commandlinefu.com is the place to record those command-line gems that you return to again and again.
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Every new command is wrapped in a tweet and posted to Twitter. Following the stream is a great way of staying abreast of the latest commands. For the more discerning, there are Twitter accounts for commands that get a minimum of 3 and 10 votes - that way only the great commands get tweeted.
Use your favourite RSS aggregator to stay in touch with the latest commands. There are feeds mirroring the 3 Twitter streams as well as for virtually every other subset (users, tags, functions,…):
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Use avconv linux package to record input from camera, mic, and desktop for creating instructional videos. The generated video and audio files will required further processing to put in to a single useable video.
Errors in output don't matter. Stop recording: ctrl-c. Result playable with Flash too.
IMPORTANT: Find a Pulse Audio device to capture from: pactl list | grep -A2 'Source #' | grep 'Name: ' | cut -d" " -f2
commandline for mac os x
analyze traffic remotely over ssh w/ wireshark
When using tcpdump, specify -U option to prevent buffering and -iany to see all interfaces.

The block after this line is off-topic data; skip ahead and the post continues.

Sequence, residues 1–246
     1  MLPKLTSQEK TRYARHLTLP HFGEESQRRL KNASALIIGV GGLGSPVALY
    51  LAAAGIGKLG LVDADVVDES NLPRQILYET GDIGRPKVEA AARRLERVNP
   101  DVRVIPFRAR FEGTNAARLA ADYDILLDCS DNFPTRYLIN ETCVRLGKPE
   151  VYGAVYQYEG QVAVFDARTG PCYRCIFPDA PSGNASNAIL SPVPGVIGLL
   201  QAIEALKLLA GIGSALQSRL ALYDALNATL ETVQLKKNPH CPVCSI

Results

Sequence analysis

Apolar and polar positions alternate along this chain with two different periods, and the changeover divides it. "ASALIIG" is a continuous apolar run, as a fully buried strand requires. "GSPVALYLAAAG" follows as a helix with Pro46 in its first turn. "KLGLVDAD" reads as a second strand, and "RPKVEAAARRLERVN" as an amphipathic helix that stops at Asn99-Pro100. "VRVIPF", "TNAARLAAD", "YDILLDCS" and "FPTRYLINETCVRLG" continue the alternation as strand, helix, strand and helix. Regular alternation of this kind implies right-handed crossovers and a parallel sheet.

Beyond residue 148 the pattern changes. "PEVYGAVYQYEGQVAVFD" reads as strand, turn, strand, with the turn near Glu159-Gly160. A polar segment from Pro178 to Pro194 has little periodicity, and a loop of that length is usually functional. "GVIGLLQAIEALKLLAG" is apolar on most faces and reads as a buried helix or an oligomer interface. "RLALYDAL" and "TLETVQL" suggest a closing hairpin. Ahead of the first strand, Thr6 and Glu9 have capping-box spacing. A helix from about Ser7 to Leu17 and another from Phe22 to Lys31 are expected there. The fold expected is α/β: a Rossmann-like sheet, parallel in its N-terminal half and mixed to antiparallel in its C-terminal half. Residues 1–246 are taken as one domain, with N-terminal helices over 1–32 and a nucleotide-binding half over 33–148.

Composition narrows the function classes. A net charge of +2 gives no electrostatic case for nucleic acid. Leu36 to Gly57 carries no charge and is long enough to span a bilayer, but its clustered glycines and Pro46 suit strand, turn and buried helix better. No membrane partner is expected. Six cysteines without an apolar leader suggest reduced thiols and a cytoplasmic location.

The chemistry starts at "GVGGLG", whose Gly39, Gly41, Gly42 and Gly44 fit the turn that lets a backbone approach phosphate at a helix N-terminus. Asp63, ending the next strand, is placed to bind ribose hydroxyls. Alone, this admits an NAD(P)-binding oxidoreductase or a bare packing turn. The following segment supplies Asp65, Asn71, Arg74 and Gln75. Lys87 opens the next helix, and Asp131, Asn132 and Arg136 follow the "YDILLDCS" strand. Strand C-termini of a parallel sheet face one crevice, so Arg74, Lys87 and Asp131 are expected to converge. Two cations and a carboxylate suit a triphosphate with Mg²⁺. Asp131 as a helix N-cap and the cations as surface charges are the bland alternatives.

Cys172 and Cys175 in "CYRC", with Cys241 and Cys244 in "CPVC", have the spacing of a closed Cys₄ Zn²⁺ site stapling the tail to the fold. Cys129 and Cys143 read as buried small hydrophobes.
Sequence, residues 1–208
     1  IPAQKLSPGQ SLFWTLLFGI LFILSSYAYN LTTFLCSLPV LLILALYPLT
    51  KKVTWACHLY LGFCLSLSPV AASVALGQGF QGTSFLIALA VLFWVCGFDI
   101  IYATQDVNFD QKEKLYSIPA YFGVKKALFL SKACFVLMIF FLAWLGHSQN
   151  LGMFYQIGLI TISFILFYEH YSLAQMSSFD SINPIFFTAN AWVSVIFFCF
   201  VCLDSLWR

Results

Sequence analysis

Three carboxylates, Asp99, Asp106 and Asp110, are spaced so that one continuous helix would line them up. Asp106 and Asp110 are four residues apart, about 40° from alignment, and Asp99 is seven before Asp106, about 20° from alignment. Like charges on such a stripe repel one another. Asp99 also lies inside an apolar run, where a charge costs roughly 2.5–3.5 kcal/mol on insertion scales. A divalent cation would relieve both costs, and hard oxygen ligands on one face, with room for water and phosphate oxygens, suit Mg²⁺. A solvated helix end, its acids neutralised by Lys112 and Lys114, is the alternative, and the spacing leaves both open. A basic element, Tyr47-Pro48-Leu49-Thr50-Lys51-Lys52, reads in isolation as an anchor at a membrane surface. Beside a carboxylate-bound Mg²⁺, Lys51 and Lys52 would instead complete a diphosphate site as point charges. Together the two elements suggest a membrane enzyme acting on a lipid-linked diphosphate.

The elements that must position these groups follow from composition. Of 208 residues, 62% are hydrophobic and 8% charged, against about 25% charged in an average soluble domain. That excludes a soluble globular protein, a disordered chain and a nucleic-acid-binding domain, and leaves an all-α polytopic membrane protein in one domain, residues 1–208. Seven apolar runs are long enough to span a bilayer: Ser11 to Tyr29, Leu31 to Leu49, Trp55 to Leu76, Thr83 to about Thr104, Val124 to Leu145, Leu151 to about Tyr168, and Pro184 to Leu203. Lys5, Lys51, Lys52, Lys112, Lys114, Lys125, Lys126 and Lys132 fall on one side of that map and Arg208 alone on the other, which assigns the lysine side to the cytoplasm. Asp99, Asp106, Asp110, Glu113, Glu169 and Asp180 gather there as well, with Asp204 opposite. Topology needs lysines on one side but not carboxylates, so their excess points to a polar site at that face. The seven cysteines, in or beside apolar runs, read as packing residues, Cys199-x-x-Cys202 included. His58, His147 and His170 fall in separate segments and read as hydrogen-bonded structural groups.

When using tcpdump, specify -U option to prevent buffering.
Please check out my blog article on this for more detail. http://jdubb.net/blog/2009/08/07/monitor-wireshark-capture-real-time-on-remote-host-via-ssh/
This allows you to display the wireshark program running on remote pc to your local pc.
This captures traffic on a remote machine with tshark, sends the raw pcap data over the ssh link, and displays it in wireshark. Hitting ctrl+C will stop the capture and unfortunately close your wireshark window. This can be worked-around by passing -c # to tshark to only capture a certain # of packets, or redirecting the data through a named pipe rather than piping directly from ssh to wireshark. I recommend filtering as much as you can in the tshark command to conserve bandwidth. tshark can be replaced with tcpdump thusly:
ssh firstname.lastname@example.org tcpdump -w - 'port !22' | wireshark -k -i -